Bio: Neal Graham is an ALT from Canada. He first worked in Japan over 20 years ago and later returned to teach here again.He has a BA in English and a CELTA. He also lived in Japan for 5 years in the mid-2000s working in the eikaiwa industry. Before becoming a city ALT, he taught at the university level in Japan.
Foreward: The following is a now-and-then comparison based on my experiences as an ALT. This is not meant to be an absolutely definitive tale of the way it was versus the way it currently is. Rather, it’s just a few casual observations based only on my experience and my situation. There are differences between my employment situations now and then that may have affected my perspective. For example, now I am a direct-hire municipal ALT whereas I was a prefectural-JET ALT many years ago. Other people will have completely different experiences.
I was a prefectural ALT with the JET Program 22 years ago. I stayed in Japan for 2 years and then returned to Canada. A while ago I came back to Japan and now I’m working as a direct-hire city ALT.
A lot has changed in Japanese schools in those two decades.
Compared to other countries Japan is still a very cash focused country, although this keeps changing bit by bit.
When I first worked as an ALT in the late 90s, I was paid in cash.
I remember some Japanese teachers in the school were regularly paid in cash. Was this because they preferred to be paid in cash? Or was it a systematic quirk of my school?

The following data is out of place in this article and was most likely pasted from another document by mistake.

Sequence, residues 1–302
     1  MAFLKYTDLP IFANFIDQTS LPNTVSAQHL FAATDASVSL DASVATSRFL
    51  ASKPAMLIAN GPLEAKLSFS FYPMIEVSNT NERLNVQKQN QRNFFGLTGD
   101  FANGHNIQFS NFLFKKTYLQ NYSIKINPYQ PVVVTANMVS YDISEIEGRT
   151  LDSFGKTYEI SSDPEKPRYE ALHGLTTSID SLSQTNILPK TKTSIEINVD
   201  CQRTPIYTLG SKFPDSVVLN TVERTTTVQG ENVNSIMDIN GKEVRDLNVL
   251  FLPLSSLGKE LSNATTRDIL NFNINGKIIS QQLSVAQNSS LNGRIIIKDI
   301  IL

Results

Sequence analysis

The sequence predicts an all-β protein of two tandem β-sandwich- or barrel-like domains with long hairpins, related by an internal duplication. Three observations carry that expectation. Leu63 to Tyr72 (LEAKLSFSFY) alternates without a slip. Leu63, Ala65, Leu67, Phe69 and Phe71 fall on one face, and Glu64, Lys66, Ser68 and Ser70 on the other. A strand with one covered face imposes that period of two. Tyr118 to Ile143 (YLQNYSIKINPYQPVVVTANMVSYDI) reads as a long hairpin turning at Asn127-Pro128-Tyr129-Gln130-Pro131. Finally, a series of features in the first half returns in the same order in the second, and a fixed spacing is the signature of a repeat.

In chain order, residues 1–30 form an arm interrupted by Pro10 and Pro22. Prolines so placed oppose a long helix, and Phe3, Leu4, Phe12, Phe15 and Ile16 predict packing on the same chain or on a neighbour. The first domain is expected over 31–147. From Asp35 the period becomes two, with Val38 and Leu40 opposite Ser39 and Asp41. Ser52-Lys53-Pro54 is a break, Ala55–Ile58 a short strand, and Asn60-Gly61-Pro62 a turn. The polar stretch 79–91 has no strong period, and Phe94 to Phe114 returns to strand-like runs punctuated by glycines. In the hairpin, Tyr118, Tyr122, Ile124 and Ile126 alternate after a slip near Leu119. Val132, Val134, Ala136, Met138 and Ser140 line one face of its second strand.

To accommodate all the cash floating around the teachers’ room, a bank representative would come to our school once a week to take care of our banking needs.
Another change I’ve experienced involves ALT school assignments. When I was a prefectural ALT in the 90s, each ALT was assigned to only one school.
Now, as a direct hire city ALT, I work at many different schools – sometimes more than one in a single day.
The most significant change I’ve seen has been around smoking.
Since the majority of teachers at my school were smokers, their smoking habits were completely accommodated.
Clearly some of these changes are more significant than others. It’s nice to see schools change their attitudes towards smoking. I miss the personal touch that the weekly visits from the bank employee brought to banking. I always struggle to have good conversations with the ATM. I enjoyed working as an ALT 22 years ago and I’m happy to be back in Japan working an ALT again. I wonder what changes will occur in the future?
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